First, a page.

In the present moment, celebrity, as fleeting and illusory as it appears, does represent, and very powerfully, the – hope, faith, embodiment- of the potential of an open and accessible culture; the American dream where everyone knows someone who “made it”, thus keeping the flame in the Statue of Liberty burning. The expansion of celebrity culture is inextricably linked with market and commercial interests. Clever public spinners like Edward Bernays cleary realized the importance of a celebrity industry as an effective means for the commodification of the self  and the inculcation of democratic sentiments no matter how synthetic they were.

Tabatha Southey:Humphrey Bogart's last words were reported to be, but probably weren't: “I should never have switched from scotch to martinis.” Oscar Wilde set the standard with, “Either that wallpaper goes, or I do.” I've always imagined that Wilde held onto that line for a long time. I hope that the thought of using it when the day came brought him some joy during the nightmares he endured. Perhaps he even asked to be moved to a room with wallpaper beforehand. Wilde knew the value of his own great lines so well that if I were told that he looked at wallpaper samples for weeks, ordered the worst of them and then waited for the wallpaper to be delivered and hung before delivering that line and finally dying, I'd believe it.http://www.theglobeandmail.com/news/opinions/tabatha-southey/go-to-the-light-so-you-can-write-my-last-words-down-correctly/article1843188/

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How do you think you are doing that with your fans?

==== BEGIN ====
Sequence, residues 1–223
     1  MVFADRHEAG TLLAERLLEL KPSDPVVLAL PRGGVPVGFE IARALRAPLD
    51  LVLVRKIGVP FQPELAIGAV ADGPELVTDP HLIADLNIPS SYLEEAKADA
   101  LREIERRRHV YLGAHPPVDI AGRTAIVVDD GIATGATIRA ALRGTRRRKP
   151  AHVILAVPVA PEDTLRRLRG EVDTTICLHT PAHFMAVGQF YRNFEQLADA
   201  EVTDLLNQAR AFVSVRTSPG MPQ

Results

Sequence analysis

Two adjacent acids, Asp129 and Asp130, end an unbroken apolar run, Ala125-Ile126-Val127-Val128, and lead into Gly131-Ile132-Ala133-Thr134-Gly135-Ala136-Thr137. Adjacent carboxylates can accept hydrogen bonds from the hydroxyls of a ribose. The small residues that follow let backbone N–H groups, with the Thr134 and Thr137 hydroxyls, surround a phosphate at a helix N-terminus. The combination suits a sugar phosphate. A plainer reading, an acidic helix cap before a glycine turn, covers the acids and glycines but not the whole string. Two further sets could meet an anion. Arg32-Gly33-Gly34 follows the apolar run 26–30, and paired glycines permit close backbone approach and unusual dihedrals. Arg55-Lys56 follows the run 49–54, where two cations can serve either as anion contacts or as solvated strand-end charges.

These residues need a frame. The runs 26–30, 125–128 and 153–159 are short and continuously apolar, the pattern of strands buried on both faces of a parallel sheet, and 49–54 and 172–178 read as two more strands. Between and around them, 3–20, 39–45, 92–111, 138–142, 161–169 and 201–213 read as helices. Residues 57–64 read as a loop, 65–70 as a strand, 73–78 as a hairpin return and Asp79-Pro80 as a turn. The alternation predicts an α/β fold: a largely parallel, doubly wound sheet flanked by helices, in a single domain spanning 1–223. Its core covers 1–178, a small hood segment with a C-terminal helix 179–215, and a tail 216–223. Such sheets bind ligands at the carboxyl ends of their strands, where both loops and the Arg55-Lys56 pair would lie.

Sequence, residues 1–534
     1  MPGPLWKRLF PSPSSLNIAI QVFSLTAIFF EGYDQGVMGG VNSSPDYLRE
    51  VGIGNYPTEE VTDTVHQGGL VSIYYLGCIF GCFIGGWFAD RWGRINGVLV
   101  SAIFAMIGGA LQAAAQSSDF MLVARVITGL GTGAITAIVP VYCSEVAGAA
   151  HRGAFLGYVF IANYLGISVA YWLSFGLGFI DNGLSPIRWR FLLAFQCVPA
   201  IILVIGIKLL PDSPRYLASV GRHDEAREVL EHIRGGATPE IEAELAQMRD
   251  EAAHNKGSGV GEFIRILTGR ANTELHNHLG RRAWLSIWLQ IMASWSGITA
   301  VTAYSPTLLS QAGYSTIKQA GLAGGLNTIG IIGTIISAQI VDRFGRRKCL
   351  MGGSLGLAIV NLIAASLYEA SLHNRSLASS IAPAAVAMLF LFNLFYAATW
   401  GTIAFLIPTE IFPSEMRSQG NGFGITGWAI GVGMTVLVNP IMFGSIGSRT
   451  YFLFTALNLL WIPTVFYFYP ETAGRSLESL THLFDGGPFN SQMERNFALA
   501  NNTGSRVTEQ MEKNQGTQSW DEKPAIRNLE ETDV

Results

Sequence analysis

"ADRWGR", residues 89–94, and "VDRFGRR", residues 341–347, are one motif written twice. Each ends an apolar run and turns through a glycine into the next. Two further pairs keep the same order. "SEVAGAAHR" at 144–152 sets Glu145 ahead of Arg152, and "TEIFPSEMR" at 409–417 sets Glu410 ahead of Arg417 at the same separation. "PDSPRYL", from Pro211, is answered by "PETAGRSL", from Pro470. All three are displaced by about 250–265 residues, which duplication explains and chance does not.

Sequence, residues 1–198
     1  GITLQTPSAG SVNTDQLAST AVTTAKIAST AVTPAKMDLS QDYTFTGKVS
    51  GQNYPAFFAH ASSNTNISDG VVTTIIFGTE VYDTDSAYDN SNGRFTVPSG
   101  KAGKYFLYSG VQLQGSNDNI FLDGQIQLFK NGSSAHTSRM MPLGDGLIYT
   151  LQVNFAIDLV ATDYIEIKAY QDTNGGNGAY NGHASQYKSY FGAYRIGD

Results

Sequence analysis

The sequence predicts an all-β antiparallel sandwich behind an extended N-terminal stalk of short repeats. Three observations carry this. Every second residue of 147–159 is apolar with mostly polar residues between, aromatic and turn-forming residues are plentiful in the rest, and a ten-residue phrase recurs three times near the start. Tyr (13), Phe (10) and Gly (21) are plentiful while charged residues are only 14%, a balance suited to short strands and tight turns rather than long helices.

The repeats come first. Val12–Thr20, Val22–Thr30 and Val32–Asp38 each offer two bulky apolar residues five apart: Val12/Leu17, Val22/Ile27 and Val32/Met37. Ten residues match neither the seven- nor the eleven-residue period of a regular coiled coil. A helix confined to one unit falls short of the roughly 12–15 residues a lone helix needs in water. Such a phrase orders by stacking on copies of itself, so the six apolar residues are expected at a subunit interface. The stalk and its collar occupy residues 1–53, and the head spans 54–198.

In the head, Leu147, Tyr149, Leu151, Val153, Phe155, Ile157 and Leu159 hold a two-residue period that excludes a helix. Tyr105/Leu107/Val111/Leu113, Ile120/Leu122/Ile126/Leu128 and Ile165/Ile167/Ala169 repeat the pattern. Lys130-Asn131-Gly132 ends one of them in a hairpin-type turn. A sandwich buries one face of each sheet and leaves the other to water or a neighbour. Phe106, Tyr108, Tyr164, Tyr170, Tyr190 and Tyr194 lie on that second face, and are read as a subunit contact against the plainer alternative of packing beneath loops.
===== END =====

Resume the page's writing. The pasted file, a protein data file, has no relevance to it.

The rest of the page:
Lady Gaga:I think I have changed the way they look at and devour fame. It’s something that tastes a little too sweet but is not so difficult to swallow.

You say you are an acute assessor of fame. You of all people must know, then, that celebrity is fleeting. Doesn’t that scare the bejesus out of you?

Not in the book of Gaga.


In the book of Gaga, fame is in your heart, fame is there to comfort you, to bring you self-confidence and worth whenever you need it. I want my fans to love themselves. It’s almost like I want to hypnotize them so when they hear my music they love themselves instantly.

Don’t you think it’s kind of creepy when you refer to yourself in the third person?

No. Not if you’re an artist, it’s not. I talk about myself in the third person all the time. I don’t live my life in the way someone like you does. I live my life completely serving only my work and my fans. And that way, I have to think about not what is best for my vagina but what is best for my fans and for me artistically.

An "elitisit" view? Barrett: How to explain Paris Hilton, Kate Gosselin, and Snooki? Historically, celebrity stirred conflicting emotions of adoration and jealousy. Does anyone admire the contemporary train wrecks, notorious for being self-destructively notorious? As Snooki's puzzled father observed, reality TV stars often have no discernible skill beyond getting wasted and throwing up. Now that everyone is the star of their own homemade YouTube video, their willingness to do so on camera too often explains the extent of their appeal.

One chief mechanism in the maintenance of celebrity status is the audience. Over time, fans have become more and more important, even in the organizing of a celebrity’s personal life. Once viewing fandom as delusional or even psychotic, scholarly work
on fans has in the last ten years approached fandom as a serious field of inquiry and claimed that fandom is a complex arena in which to study the relationship between fans, stars, entertainment texts, and the media industries. It is also here that one finds work that casts off the dominant-force theories seen above and returns a degree of power to the individual. Lewis and Harrington and Bielby
posit that fanship is both an activity and the active management of identity, while Ang, Jenkins, and Bacon-Smith look at the institutional and communal power exercised by fans…. ( Harmon )